BP tells U.S. panel Halliburton should have warned of well hazard


HOUSTON – BP this week is taking public its strategy for spreading the blame for the April 20 explosion that killed 11 people on the Deepwater Horizon and led to the nation’s worst oil spill.

In a new twist in the case, BP has declared that Halliburton, which had warned that the cement job on the Macondo well might not function properly, should have stopped the operation outright. If Halliburton knew the cement process was unsafe, it had an obligation to refuse to proceed – and to do otherwise would be, BP said in a statement, “morally repugnant.”

BP’s strategic maneuver emerged as a federal investigatory panel holds hearings in a hotel conference room here into the causes of the disaster. The panel intends to write a report at the end of an inquiry already in its fourth month. But lawyers for the major players in the disaster – including BP, rig owner Transocean and the contractor for the cement job, Halliburton – are using the proceedings as a kind of test run of what are sure to be many civil trials to come, with a Justice Department criminal probe lurking in the background.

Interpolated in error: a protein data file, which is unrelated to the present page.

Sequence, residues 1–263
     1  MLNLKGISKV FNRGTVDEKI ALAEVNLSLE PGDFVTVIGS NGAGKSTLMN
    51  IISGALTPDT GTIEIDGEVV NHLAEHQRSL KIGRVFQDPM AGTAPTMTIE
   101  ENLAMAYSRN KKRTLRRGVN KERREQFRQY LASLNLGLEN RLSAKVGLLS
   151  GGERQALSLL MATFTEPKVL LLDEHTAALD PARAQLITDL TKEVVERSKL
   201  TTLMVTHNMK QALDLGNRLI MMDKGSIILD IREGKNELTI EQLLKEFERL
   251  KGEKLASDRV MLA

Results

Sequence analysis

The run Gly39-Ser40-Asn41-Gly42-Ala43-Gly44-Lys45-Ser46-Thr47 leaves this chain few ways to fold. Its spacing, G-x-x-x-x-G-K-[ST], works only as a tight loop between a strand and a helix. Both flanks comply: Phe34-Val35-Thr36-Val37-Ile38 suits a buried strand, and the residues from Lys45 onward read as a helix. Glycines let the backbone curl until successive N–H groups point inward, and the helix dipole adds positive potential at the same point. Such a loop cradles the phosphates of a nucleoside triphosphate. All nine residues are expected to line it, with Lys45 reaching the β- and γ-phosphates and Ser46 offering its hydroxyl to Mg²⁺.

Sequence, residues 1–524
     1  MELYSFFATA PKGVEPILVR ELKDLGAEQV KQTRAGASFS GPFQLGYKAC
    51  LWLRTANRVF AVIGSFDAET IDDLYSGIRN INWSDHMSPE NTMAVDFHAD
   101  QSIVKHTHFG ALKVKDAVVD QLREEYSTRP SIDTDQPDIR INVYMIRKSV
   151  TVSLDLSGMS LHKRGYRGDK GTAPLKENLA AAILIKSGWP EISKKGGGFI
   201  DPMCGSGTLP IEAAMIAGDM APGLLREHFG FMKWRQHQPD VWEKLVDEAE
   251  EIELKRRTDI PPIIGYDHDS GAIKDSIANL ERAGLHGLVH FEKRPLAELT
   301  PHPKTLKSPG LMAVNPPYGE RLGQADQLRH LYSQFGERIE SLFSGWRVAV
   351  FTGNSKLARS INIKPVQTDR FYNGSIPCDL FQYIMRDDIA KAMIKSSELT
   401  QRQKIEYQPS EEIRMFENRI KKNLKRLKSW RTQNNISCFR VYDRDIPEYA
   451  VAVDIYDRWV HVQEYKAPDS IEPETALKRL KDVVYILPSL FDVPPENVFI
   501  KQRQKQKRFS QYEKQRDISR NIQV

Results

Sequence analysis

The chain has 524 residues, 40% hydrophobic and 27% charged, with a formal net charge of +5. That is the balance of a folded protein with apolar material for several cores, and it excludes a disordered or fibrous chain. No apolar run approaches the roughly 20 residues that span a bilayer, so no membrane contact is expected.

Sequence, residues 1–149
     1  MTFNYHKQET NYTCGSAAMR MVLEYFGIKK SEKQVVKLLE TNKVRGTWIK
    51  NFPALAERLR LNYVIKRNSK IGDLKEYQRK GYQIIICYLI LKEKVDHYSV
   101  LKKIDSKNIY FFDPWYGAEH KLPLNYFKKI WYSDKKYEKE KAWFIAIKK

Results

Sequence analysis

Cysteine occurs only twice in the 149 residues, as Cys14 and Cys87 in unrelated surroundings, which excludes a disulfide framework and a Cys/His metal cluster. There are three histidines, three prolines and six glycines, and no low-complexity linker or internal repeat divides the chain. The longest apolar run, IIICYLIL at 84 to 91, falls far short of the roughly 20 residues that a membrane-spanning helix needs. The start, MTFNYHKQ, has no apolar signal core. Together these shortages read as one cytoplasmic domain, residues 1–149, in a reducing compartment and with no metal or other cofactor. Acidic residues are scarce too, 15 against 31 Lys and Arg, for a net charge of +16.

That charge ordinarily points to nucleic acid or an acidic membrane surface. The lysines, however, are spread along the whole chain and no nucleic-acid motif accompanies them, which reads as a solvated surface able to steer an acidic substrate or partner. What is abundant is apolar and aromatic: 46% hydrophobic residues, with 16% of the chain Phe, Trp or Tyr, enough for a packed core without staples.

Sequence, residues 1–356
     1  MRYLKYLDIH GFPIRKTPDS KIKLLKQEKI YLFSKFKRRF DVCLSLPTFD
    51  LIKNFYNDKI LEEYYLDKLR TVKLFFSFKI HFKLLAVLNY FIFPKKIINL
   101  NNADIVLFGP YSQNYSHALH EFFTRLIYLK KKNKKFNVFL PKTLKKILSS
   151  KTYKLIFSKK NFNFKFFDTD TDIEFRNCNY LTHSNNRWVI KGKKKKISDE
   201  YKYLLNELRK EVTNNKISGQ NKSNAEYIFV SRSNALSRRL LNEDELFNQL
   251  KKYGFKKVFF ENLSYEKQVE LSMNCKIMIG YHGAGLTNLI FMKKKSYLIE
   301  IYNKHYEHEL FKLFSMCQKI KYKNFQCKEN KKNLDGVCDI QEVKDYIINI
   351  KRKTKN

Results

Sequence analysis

“The 900-pound gorilla in the room is the criminal investigation,” said Pat Fanning, the attorney for one of the top Transocean managers on the rig.

(Photo gallery of BP oil spill impact and cleanup)

On Wednesday morning, a Halliburton cementer, Vincent Tabler, testified briefly about the cement job on the well, and managed to be on his way within half an hour, a Houdini escape given that the room is jammed wall-to-wall with high-priced lawyers from Houston, Dallas, New Orleans, Washington and Chicago.

Jesse Gagliano, a Halliburton technical adviser to BP’s Deepwater Horizon team, on Tuesday delivered the most potent testimony this week. He said that five days before the blowout, he warned BP engineers explicitly, in person, that the well had a potential problem.